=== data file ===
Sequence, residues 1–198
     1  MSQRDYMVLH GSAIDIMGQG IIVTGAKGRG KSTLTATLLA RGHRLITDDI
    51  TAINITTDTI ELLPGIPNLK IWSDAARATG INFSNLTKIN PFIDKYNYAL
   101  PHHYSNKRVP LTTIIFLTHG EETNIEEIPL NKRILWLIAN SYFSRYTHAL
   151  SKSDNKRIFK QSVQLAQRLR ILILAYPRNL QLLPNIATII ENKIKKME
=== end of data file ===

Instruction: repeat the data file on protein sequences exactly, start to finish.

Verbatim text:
Sequence, residues 1–198
     1  MSQRDYMVLH GSAIDIMGQG IIVTGAKGRG KSTLTATLLA RGHRLITDDI
    51  TAINITTDTI ELLPGIPNLK IWSDAARATG INFSNLTKIN PFIDKYNYAL
   101  PHHYSNKRVP LTTIIFLTHG EETNIEEIPL NKRILWLIAN SYFSRYTHAL
   151  SKSDNKRIFK QSVQLAQRLR ILILAYPRNL QLLPNIATII ENKIKKME